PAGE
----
On October 20, the first-ever anti-stalking law took effect in South Korea, making stalking a crime punishable with up tp three years in prison.
Previously, stalking was categorized as a misdemeanor in the Criminal Code, subject to less that ₩100,000 KRW (about $70.80 USD) in fines. The revised law came following a horrifying murder of a subway worker in September. The suspect, a colleague of the 20-something victim for years before killing her inside the woman’s restroom at Sindang Station on Line 2.
AS public outrage surrounding this case heightened, president Yoon Suk Yeol called for stricter anti-stalking laws. “The anti-stalking law was enacted last year, but many said it wasn’t enough to protect victims. I told the justice ministry before leaving on my trip to remedy the system and fully ensure that victims are protected so as to leave no room for such crimes,” he told the press on September 16.
Under the new law, the following acts are deemed to be acts of stalking— approaching, following, or blocking a victim against their will; lurking around the victim’s residence, workplace, or school; sending unsolicitated texts, images, or videos through any forms of communication; and trying to create anxiety or fear through passive violence. The legal definition also extends to the same acts targeted at a victim’s family, friends, or cohabitants.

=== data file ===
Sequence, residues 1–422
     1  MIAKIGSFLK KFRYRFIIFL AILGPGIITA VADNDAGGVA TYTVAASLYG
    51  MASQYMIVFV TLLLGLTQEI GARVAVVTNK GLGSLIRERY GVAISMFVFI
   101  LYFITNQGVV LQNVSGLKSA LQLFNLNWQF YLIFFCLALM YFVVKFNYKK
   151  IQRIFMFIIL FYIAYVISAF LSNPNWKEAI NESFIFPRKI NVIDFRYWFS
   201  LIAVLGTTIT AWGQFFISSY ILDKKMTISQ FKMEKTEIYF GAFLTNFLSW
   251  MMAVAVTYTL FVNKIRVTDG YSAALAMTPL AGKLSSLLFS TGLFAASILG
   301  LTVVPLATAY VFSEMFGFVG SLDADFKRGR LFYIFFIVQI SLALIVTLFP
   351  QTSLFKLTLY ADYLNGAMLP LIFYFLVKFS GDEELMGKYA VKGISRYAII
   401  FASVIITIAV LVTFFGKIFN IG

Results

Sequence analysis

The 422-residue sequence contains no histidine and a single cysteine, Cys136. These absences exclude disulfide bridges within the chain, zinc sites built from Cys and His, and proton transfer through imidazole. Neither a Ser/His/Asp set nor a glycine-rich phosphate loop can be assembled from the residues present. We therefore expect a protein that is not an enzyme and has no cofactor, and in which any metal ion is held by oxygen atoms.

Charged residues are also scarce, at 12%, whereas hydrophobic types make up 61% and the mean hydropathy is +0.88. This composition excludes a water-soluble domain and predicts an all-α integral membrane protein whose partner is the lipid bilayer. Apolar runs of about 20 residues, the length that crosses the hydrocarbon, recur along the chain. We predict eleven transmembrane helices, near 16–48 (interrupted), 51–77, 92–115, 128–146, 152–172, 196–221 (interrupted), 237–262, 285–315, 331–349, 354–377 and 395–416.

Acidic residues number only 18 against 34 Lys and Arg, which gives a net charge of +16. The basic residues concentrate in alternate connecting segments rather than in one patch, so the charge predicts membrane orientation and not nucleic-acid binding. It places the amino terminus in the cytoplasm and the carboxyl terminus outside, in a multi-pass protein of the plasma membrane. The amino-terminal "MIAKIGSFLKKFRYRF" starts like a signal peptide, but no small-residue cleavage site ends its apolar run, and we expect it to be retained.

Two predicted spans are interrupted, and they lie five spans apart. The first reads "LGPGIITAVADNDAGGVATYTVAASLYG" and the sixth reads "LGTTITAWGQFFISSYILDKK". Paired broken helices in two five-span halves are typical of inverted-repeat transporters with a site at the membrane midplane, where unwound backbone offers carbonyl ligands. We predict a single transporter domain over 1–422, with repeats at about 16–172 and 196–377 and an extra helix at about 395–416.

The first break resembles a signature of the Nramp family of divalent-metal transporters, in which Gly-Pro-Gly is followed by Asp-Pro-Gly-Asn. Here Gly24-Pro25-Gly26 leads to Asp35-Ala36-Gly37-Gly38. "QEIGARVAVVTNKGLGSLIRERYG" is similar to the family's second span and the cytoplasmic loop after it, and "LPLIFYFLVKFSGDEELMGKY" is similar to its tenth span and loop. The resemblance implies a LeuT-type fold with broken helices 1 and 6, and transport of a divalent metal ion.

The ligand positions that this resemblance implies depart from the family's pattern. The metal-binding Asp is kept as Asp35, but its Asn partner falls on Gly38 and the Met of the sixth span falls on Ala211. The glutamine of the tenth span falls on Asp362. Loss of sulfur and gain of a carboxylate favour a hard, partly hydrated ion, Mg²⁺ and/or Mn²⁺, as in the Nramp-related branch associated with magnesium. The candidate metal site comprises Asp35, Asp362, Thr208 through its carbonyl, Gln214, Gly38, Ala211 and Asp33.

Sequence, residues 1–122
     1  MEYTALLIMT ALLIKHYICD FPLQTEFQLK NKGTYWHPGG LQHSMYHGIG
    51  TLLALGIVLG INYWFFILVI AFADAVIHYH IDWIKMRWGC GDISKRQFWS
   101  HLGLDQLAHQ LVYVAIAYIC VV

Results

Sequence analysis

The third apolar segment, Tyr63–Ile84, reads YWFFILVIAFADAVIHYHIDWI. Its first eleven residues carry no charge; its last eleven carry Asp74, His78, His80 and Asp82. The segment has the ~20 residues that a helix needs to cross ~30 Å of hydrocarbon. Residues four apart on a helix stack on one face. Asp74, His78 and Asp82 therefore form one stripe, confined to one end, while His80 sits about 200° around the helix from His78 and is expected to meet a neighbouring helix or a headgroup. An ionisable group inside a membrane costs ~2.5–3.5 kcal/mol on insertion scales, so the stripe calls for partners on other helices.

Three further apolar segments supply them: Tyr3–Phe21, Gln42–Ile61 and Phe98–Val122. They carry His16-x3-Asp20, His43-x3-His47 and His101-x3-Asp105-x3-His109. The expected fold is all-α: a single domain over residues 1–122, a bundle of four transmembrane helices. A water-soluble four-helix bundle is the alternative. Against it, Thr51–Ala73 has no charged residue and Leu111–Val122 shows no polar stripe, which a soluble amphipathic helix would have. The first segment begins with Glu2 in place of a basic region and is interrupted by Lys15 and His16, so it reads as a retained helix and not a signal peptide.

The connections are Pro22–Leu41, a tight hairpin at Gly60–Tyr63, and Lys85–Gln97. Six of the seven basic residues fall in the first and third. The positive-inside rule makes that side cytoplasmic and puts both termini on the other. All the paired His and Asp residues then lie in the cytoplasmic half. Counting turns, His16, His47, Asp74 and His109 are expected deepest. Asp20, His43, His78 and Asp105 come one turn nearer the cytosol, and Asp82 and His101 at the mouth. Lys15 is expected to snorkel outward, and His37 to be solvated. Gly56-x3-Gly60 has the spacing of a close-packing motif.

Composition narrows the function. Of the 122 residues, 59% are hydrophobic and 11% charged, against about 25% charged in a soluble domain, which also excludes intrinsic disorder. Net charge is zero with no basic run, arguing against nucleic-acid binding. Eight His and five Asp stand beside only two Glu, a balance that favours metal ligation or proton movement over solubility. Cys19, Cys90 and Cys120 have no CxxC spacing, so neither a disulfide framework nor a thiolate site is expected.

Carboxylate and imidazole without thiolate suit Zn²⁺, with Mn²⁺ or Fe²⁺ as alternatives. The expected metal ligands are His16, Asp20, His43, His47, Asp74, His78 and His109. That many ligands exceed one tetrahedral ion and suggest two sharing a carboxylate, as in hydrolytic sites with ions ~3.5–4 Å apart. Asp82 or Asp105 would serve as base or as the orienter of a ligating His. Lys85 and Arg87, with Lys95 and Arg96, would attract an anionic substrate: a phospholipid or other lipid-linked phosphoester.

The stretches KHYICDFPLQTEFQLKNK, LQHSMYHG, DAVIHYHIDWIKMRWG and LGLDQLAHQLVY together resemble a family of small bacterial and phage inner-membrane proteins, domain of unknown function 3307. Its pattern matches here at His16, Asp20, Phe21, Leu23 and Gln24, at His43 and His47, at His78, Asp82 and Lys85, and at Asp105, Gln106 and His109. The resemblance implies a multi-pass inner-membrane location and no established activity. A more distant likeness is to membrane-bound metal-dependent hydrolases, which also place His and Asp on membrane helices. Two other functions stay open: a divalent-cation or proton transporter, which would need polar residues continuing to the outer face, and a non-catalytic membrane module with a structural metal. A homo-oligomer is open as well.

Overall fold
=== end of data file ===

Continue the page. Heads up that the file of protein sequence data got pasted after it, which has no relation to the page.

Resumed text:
When a perpetrator is caught repeating these actions, they can be penalized with up to three years in prison or ₩30.0 million KRW (about $21,200 USD) in fines, as per the new law. In case a dangerous object or weapon is used by the perpetrator, the punishment can get extended to up to 5 years of imprisonment or a ₩50.0 million KRW (about $35,400 USD) in fines.
One of the most notable changes that this new law is supposed to bring in apart from the penalty structure, is the attitude towards stalking as a crime. Korean netizens highlighted how in South Korea, it is an accepted fact that stalking only ends when the victim dies. But now, armed with the new law, police are expected to be more vigilant from the very first report of stalking before it evolves into a more serious crime.
The police can now respond to acts of stalking with various measures, such as providing protection shelter to victims, issuing restraining orders against potential suspects to restrict their physical and online contact with victims. Korean netizens are very happy with the changes in law, and the efficient plan of action presented by Justice Minister Han Dong Hoon.
- “At this point, Han Don Hoon will be able to arrest drug mafias, I’m 200% sureㅋㅋㅋㅋㅋ People should be rooting for this kind of person. He’s really good at his jobㅋㅋㅋㅋ How could he’s not lacking in anything? He’s smart, good at talking and writing, handsome, tall, has a good physical figure, has a great fashion sense, and also has a nice voiceㅋㅋㅋㅋ”
- “It’s great to see him work hard to protect weak people and the people of this country. His nickname is Joseon’s Best Sword, which sounds really scary. But he has really gentle eyes and doesn’t even drink at all. Not too long ago, the media followed him for a month and they didn’t get anything at all. When asked about that, he said, ‘I’m sure they were hoping I’d go into a strange pub/bar’ㅋㅋㅋㅋ”
- “I just scrolled past the post and it doesn’t look like empty words. They really made the law very detailed. I’m really touched right now. It’s the first time a child sex offender was arrested after finishing his jail time. It’s also the first time they’re assigning electronic anklets to stalkers. Not to mention that the anklets could be given from the very first report. He’s putting himself in the victims’ shoes, he has a really good empathy. Han Dong Hoon is seriously the bestㅋㅋㅋㅋㅋ”